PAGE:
NEW HAVEN, Conn. — The New Haven Police Department has been under scrutiny as of late, specifically for their solve rate of homicides. But, in an update Thursday, the Mayor and police officials laid out a plan they say will certainly help.
The big headline about a month ago was that the New Haven Police Department had made arrests in just three of last year's 25 homicides. But those assembled at police headquarters Thursday afternoon looked forward to progress.
In December, the New Haven Board Of Alders granted approval for the City to purchase 500 surveillance cameras to help the police department's homicide solve rate. The city is still conducting an infrastructure assessment to see where they can be placed.
"In conversations that we have had with our counterparts in Bridgeport and Hartford, whose solve rates are higher, they say that nearly all of their homicides are solved with the assistance of their camera system," said Mayor Justin Elicker (D-New Haven).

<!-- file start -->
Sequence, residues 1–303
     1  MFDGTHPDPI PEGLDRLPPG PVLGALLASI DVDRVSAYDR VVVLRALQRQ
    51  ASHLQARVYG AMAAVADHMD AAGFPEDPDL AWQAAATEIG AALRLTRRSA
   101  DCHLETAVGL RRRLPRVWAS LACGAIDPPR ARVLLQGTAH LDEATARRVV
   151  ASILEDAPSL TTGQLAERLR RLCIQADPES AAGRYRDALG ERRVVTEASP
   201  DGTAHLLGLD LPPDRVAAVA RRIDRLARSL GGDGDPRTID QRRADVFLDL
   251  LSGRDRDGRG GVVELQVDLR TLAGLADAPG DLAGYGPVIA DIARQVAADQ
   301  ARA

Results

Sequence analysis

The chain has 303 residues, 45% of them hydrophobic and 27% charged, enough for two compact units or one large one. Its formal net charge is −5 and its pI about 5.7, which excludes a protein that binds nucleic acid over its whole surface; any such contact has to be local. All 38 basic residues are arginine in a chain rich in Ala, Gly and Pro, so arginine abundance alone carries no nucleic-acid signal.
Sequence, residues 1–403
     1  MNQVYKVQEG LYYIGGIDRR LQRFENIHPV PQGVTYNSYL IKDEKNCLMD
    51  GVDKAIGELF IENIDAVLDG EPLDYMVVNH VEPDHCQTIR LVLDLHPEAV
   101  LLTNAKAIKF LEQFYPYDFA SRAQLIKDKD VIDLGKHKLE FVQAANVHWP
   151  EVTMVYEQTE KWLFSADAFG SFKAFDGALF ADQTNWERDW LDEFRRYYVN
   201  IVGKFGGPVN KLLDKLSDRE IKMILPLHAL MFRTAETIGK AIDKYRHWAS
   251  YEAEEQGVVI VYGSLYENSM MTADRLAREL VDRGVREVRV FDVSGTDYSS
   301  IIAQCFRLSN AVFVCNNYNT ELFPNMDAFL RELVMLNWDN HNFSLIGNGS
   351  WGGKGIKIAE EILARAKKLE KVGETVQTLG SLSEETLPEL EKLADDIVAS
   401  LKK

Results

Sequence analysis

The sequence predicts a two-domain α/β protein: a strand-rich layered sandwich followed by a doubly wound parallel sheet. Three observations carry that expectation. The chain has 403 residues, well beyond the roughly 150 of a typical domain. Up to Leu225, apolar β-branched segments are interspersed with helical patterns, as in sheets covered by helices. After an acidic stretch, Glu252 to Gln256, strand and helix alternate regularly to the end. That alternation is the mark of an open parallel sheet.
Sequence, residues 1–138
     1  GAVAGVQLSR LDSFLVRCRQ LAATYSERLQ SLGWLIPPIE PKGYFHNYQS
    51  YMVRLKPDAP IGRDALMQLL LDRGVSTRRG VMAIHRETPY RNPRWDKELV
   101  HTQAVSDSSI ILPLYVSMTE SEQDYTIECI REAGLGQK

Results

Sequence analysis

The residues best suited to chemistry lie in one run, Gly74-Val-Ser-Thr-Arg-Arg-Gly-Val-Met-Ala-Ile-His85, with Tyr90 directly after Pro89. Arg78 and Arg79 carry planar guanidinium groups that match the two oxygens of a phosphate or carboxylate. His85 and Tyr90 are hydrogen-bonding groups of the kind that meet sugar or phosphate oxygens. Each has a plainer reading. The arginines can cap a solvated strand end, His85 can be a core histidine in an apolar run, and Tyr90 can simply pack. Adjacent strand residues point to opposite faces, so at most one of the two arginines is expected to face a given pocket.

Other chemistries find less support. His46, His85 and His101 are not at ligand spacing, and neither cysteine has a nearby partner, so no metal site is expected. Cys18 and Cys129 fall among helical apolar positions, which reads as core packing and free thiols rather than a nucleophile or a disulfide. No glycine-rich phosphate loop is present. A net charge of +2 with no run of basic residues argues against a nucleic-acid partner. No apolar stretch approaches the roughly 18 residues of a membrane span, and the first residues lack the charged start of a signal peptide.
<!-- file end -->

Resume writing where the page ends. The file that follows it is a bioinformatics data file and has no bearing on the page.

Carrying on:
The City of New Haven currently owns nearly 200 surveillance cameras, which pales in comparison to Hartford's 1,200 and Bridgeport's 1,600.
As of Jan. 1, Waterbury's solve rate for 2021 homicides was 100%. Bridgeport was at 63%. Hartford nearly 60%. New Haven, meanwhile, checked in at 12%.
Elicker says that soon adding more detectives will also bring a boost. Currently, only 37 of the 54 budgeted detectives positions are occupied.
"The detective test has been completed and we’re looking to the civil service to certify the list this month and then move forward with promotions," said Elicker.
Police say another key component is more community involvement, which was front and center during Thursday's press conference.
Acting Chief Renee Dominguez announced that the community stepping forward was a major factor in the murder arrest of 37-year-old Michael Holmes. He is charged with killing Curtis McCray, a New Haven father of five, in October of 2019.
"If he had $20, he was gonna give it to somebody," said the victim's mother, Angela McCray. "He would always get my money and say 'mom, mom we need some money he’s on the street.' He was always there to help someone."
Tony Terzi is a reporter at FOX61 News. He can be reached at firstname.lastname@example.org. Follow him on Facebook, Twitter and Instagram.
Have a story idea or something on your mind you want to share? We want to hear from you! Email us at email@example.com
HERE ARE MORE WAYS TO GET FOX61 NEWS
Download the FOX61 News APP
iTunes: Click here to download
Google Play: Click here to download
Stream Live on ROKU: Add the channel from the ROKU store or by searching FOX61.
Steam Live on FIRE TV: Search ‘FOX61’ and click ‘Get’ to download.